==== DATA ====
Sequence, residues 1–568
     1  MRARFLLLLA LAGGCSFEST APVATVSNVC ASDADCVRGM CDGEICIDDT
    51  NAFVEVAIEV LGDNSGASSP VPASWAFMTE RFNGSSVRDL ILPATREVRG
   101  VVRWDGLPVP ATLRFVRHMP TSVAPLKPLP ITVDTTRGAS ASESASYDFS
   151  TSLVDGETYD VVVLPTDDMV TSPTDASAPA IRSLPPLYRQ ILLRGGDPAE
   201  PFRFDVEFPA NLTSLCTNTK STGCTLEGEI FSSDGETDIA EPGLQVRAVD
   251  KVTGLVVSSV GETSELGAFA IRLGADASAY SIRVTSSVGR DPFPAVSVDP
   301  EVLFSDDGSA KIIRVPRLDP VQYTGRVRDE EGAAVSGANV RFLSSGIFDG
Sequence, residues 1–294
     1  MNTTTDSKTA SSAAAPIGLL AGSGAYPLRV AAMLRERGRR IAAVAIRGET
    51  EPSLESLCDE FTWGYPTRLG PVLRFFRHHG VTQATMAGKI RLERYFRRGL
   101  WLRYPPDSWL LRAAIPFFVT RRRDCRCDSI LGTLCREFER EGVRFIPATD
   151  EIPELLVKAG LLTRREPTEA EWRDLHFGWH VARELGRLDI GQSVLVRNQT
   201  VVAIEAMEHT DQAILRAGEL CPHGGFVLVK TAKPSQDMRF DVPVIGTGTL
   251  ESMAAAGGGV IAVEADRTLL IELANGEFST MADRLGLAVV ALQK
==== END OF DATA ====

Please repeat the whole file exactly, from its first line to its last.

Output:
Sequence, residues 1–568
     1  MRARFLLLLA LAGGCSFEST APVATVSNVC ASDADCVRGM CDGEICIDDT
    51  NAFVEVAIEV LGDNSGASSP VPASWAFMTE RFNGSSVRDL ILPATREVRG
   101  VVRWDGLPVP ATLRFVRHMP TSVAPLKPLP ITVDTTRGAS ASESASYDFS
   151  TSLVDGETYD VVVLPTDDMV TSPTDASAPA IRSLPPLYRQ ILLRGGDPAE
   201  PFRFDVEFPA NLTSLCTNTK STGCTLEGEI FSSDGETDIA EPGLQVRAVD
   251  KVTGLVVSSV GETSELGAFA IRLGADASAY SIRVTSSVGR DPFPAVSVDP
   301  EVLFSDDGSA KIIRVPRLDP VQYTGRVRDE EGAAVSGANV RFLSSGIFDG
Sequence, residues 1–294
     1  MNTTTDSKTA SSAAAPIGLL AGSGAYPLRV AAMLRERGRR IAAVAIRGET
    51  EPSLESLCDE FTWGYPTRLG PVLRFFRHHG VTQATMAGKI RLERYFRRGL
   101  WLRYPPDSWL LRAAIPFFVT RRRDCRCDSI LGTLCREFER EGVRFIPATD
   151  EIPELLVKAG LLTRREPTEA EWRDLHFGWH VARELGRLDI GQSVLVRNQT
   201  VVAIEAMEHT DQAILRAGEL CPHGGFVLVK TAKPSQDMRF DVPVIGTGTL
   251  ESMAAAGGGV IAVEADRTLL IELANGEFST MADRLGLAVV ALQK